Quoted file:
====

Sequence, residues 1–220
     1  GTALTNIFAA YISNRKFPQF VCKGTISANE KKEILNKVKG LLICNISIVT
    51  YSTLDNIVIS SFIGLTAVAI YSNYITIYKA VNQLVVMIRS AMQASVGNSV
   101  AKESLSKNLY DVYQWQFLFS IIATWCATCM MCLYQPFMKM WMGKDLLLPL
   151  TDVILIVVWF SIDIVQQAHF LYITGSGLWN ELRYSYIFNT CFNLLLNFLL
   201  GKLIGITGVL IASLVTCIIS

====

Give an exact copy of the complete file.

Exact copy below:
Sequence, residues 1–220
     1  GTALTNIFAA YISNRKFPQF VCKGTISANE KKEILNKVKG LLICNISIVT
    51  YSTLDNIVIS SFIGLTAVAI YSNYITIYKA VNQLVVMIRS AMQASVGNSV
   101  AKESLSKNLY DVYQWQFLFS IIATWCATCM MCLYQPFMKM WMGKDLLLPL
   151  TDVILIVVWF SIDIVQQAHF LYITGSGLWN ELRYSYIFNT CFNLLLNFLL
   201  GKLIGITGVL IASLVTCIIS